Third time’s the charm for Sprout Pharmaceuticals’ flibanserin.
The FDA on Tuesday approved the controversial drug, now known as Addyi, as a treatment for premenopausal women with low sexual desire, a condition known as hypoactive sexual desire disorder. After being twice rejected by the agency when owned by Boehringer Ingelheim, Addyi is scheduled to finally find its way to pharmacy shelves by October 17.
A Sprout spokeswoman told MM&M that the drug will not be advertised on radio or television for the first 18 months following its approval—to assuage concerns that the drug will be overused—and the company plans to focus its marketing efforts on a professional audience rather than consumers.
The company plans to hire 200 sales representatives to reach 30,000 doctors—most of whom are obstetricians and gynecologists, but sales efforts will also target some psychiatrists and primary care physicians.
The Sprout spokeswoman declined to provide a price for Addyi but said the company will likely establish a monthly price that is similar to the monthly cost of other erectile dysfunction treatments, like Pfizer’s Viagra. Nine Viagra pills typically run about $400 without insurance. The drugmaker also said it expects the drug will receive Tier 2 or Tier 3 formulary status with payers, meaning the co-pay would range from $30 to $75 per month for patients.
The drug will likely face significant obstacles in its uptake among consumers and physicians. The FDA approved Addyi with a risk evaluation and mitigation (REMS) strategy, due to the drug’s side effects when taken in combination with alcohol, which include losing consciousness and a dramatic drop in blood pressure. Only doctors and pharmacies certified in the REMS program will be allowed to prescribe and sell Addyi.
Addyi’s label will also be accompanied by a black box warning drawing attention to the drug’s possible side effects when taken with alcohol. The FDA is requiring Sprout to undertake three “well-designed” studies to better understand the interaction between Addyi and alcohol.
Even the Score, an advocacy organization that pushed for Addyi’s approval and has ties to Sprout, said in a statement Tuesday: “The FDA today chose to respect the science and stand with millions of American women by approving the first-ever medical treatment option for HSDD. Approval of flibanserin represents an enormous step forward for the one in ten women living with HSDD.”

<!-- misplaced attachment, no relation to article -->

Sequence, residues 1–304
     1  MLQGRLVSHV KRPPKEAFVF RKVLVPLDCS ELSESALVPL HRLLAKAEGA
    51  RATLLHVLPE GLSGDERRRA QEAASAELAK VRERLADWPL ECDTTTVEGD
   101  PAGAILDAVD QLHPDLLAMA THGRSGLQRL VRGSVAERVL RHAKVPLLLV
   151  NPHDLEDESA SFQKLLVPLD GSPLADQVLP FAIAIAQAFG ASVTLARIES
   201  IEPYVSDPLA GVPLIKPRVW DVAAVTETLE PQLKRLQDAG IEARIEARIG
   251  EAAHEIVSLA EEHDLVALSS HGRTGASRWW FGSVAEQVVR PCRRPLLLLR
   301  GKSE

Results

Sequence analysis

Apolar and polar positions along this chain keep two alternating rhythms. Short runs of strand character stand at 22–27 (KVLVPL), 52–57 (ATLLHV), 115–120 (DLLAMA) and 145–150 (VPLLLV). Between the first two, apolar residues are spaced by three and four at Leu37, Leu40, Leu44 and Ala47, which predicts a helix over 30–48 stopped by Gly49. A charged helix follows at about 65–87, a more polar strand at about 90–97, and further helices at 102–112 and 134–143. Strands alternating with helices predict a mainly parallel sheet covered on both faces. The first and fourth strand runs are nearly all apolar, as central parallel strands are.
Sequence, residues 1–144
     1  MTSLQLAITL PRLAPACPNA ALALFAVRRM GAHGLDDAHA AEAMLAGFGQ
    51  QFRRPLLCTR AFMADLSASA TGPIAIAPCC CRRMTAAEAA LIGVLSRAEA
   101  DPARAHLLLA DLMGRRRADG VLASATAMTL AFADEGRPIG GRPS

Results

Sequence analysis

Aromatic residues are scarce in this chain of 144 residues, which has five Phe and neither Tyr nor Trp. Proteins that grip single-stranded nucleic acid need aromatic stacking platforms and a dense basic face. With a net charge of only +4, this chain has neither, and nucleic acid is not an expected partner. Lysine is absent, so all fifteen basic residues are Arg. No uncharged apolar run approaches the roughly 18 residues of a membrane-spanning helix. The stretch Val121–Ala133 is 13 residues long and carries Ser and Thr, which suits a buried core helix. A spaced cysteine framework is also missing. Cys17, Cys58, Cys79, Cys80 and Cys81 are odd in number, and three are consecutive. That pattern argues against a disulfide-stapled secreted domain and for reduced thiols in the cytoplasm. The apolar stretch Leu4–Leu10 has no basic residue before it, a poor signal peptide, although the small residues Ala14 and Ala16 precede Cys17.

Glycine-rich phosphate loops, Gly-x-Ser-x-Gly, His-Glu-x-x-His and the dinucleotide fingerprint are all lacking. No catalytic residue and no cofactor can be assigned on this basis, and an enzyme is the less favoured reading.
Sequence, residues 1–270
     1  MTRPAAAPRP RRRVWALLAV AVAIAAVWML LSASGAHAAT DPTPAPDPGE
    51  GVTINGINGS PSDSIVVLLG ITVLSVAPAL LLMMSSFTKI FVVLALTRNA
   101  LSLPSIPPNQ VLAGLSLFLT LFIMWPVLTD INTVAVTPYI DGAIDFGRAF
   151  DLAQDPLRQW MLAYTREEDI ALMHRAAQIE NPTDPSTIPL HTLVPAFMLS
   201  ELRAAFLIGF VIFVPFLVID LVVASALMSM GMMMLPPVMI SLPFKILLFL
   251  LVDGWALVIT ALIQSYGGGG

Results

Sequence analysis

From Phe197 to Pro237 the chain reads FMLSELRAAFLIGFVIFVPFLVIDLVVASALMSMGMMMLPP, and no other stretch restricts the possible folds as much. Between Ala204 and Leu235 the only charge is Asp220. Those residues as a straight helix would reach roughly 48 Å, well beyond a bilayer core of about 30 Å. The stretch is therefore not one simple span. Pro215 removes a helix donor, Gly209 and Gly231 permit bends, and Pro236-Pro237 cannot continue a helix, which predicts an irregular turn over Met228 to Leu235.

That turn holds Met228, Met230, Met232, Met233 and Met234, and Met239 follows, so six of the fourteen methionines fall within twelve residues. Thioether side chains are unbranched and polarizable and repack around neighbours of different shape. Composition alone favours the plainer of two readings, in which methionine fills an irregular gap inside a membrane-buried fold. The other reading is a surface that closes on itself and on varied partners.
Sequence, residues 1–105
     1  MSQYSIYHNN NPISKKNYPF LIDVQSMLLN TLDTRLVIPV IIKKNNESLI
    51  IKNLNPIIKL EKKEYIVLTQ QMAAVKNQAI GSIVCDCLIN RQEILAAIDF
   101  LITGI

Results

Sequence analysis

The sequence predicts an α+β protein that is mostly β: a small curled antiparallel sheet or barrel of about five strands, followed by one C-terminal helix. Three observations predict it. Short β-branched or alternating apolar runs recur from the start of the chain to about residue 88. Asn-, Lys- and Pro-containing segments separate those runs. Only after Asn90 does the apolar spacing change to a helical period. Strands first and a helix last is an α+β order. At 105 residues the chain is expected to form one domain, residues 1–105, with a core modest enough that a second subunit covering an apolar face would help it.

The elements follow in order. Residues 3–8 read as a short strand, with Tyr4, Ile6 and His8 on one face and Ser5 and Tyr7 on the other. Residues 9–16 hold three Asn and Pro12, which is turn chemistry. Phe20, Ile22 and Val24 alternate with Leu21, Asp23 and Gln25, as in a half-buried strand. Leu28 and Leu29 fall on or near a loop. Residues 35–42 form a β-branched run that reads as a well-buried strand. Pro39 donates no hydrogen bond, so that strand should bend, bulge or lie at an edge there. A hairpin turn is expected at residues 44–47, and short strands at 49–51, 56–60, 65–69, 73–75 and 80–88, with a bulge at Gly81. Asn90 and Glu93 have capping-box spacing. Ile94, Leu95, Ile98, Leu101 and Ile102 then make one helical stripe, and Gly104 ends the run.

A survey conducted by Treato, a social-media data-mining company, found that 80% of 700 female survey participants “would be willing to take a daily pill to improve low sex drive” and another 73% said they were “likely to discuss low sex drive with a doctor.”
But other organizations questioned the validity of the approval. “The FDA’s decision to approve flibanserin as a treatment for women with hypoactive sexual desire [disorder] presents serious dangers to women, with little benefit, and recklessly disregards the worrisome risk information in the agency’s briefing package to the advisory committees that met on June 4th,” consumer rights advocacy group Public Citizen said in a statement.
That FDA advisory committee voted 18-6 in June recommending approval of Addyi. In doing so, the majority of the committee agreed that the benefits of flibanserin outweigh the risks.
Since that vote, however, three members of the committee said they believe the recommendation was borne out of a “politically charged atmosphere.”
The authors questioned the objectivity of Even the Score. They wrote in JAMA that Even the Score was “initially created through the efforts of a consultant to flibanserin’s manufacturer.”
Even the Score advocates for “gender equality” in access to treatments for sexual dysfunction—arguing that there are 26 approved medications for male sexual dysfunction but none for women. The FDA disputed that claim, saying there are no approved products for low sexual desire in men.The 26 medications the group cites include multiple formulations of testosterone.
The drug’s efficacy also raised concern in the editorial, with the authors noting that only between 8% and 13% of women who took the drug during clinical trials reported an an improvement compared to the placebo, and that women who took flibanserin averaged 0.5 more “sexually satisfying events per month.”
The drug’s trial design also came into question. The authors said Sprout’s trial used more subjective measures than Boehringer Ingelheim’s study. BI sold the drug to Sprout in 2012.
BI’s two Phase-III trials tested the drug’s effectiveness through the reported number of satisfying sexual events, while the Sprout-conducted trial used a more subjective measure: patient-reported outcomes claims. Sprout’s safety trial, too—meant to evaluate the drug’s effects in patients who drink alcohol—was comprised of 25 volunteers, but only two women.